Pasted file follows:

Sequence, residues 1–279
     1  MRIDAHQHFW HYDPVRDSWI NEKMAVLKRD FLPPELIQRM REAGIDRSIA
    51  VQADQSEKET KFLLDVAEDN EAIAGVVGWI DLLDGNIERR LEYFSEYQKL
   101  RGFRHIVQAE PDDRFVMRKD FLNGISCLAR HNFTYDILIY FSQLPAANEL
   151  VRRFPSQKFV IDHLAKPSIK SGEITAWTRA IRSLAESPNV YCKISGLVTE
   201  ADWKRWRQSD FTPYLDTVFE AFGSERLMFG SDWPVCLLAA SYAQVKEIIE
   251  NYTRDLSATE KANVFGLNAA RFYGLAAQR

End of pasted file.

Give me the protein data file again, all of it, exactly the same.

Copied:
Sequence, residues 1–279
     1  MRIDAHQHFW HYDPVRDSWI NEKMAVLKRD FLPPELIQRM REAGIDRSIA
    51  VQADQSEKET KFLLDVAEDN EAIAGVVGWI DLLDGNIERR LEYFSEYQKL
   101  RGFRHIVQAE PDDRFVMRKD FLNGISCLAR HNFTYDILIY FSQLPAANEL
   151  VRRFPSQKFV IDHLAKPSIK SGEITAWTRA IRSLAESPNV YCKISGLVTE
   201  ADWKRWRQSD FTPYLDTVFE AFGSERLMFG SDWPVCLLAA SYAQVKEIIE
   251  NYTRDLSATE KANVFGLNAA RFYGLAAQR